The annual Great Backyard Bird Count, now in its 24th year, is set to take place February 12-15, 2021. During this popular community science event, people from all over the world head outdoors to count birds. Scientists use the data to track the health of bird populations.
With appropriate social distancing measures, watching birds can be a safe and pleasant activity to engage in during the Covid-19 global pandemic, and participating in the bird count is free and easy. You just have to commit to counting birds for as little as 15 minutes (or as long as you wish) on one or more days of the four-day event, and report your sightings online at the event’s website. Anyone can take part in the Great Backyard Bird Count, from beginning bird watchers to experts, and you can do the count from your backyard or anywhere in the world. It’s a great way to burn off some of those of extra calories from eating chocolate on Valentine’s Day. Learn more about how to participate here.
The Great Backyard Bird Count is a joint project of the Cornell Lab of Ornithology, National Audubon Society, and Birds Canada, and support is provided in part by founding sponsor Wild Birds Unlimited. Chad Wilsey, chief scientist at the National Audubon Society, commented on the value of this event for both birds and people:
By participating in the Great Backyard Bird Count, community scientists contribute data that we use to protect birds and the places they need, today and tomorrow. In return, studies tell us that pausing to observe birds, their sounds and movements, improve human health. Participating in the Great Backyard Bird Count is a win-win for birds and people.
If you would like to join the 2021 Great Backyard Bird Count, please follow these three easy steps.
1. Familiarize yourself with the event website at the link here.
2. Spend some time counting birds on the weekend of the event at the location of your choice, such as your backyard or a local park. The minimum amount of time required is 15 minutes, but you can count for longer if you wish. During your count, simply record the start and end time, location, and number and types of birds that you see. You can perform counts in multiple locations too. Just be sure to submit separate checklists for each location.
Not to worry if you can’t identify the birds you see at first. Just take good notes about their prominent features such as their size, shape, color, and unusual markings, or you can try to snap a closeup picture. Then you can use a bird guide to look them up later. All About Birds and What Bird are two good online bird identification guides that are free and easy to use. Additionally, the free Merlin Bird ID app can be downloaded to your smartphone and used offline. Merlin will ask you five simple questions about the bird you are trying to identify and suggest matches for you. You can even upload a picture to Merlin and let the app try to identify it.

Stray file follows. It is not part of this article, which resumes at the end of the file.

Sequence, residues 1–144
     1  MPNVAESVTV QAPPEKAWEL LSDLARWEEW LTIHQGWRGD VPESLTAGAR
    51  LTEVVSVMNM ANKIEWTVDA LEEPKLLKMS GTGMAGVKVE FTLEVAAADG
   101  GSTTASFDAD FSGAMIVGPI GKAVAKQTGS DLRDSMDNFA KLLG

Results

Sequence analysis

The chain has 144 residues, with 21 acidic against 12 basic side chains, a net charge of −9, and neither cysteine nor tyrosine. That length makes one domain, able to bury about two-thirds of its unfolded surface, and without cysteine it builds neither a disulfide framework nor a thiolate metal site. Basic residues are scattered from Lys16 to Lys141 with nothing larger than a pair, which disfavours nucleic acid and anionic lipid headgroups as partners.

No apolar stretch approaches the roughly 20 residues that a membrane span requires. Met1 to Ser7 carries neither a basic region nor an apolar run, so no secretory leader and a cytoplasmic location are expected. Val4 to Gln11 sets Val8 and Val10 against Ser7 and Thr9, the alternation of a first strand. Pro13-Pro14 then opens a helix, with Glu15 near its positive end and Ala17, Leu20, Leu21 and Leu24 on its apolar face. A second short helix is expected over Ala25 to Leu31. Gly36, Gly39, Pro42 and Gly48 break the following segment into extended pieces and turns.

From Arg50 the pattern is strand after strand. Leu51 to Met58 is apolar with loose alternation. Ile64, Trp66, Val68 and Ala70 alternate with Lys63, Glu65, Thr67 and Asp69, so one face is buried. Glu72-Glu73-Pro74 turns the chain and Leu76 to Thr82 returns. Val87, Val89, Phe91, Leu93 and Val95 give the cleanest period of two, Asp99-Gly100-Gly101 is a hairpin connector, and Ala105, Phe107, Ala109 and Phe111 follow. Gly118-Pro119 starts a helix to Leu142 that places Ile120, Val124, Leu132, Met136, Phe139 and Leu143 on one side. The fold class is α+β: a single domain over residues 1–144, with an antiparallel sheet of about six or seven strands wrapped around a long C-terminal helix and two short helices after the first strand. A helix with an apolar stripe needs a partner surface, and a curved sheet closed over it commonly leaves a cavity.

3. The last step involves sending your data to the event’s website. This step usually only takes a few minutes to complete. While you’re visiting the website, check out the live map that displays dots in the various locations where people have submitted a checklist. It’s fun to watch the data pour in from all over the world.
As an added bonus, there is a photo contest for those who want to submit pictures of the birds that they see during the event. You can even submit photos of yourself bird watching. If you do shoot some good photos, please share them with us at EarthSky Community Photos. We love birding photos!
During the 2020 count, more than 250,000 checklists were submitted from over 100 countries, and a record 6,942 species were counted. That is a large proportion of the estimated 10,000 bird species that live on Earth today.
Use the hashtag #GBBC to follow Great Backyard Bird Count conversations on Twitter and Facebook.
The first annual Great Backyard Bird Count was held in 1998, and the event has continued to grow year after year. Hopefully, 2021 will be another record breaker.
Bottom line: The annual Great Backyard Bird Count runs from February 12-15, 2021. This popular community science project helps scientists keep track of the health of bird populations. Participating is free and easy, so why not give it a try?
Deanna Conners is an Environmental Scientist who holds a Ph.D. in Toxicology and an M.S. in Environmental Studies. Her interest in toxicology stems from having grown up near the Love Canal Superfund Site in New York. Her current work is to provide high-quality scientific information to the public and decision-makers and to help build cross-disciplinary partnerships that help solve environmental problems. She writes about Earth science and nature conservation for EarthSky.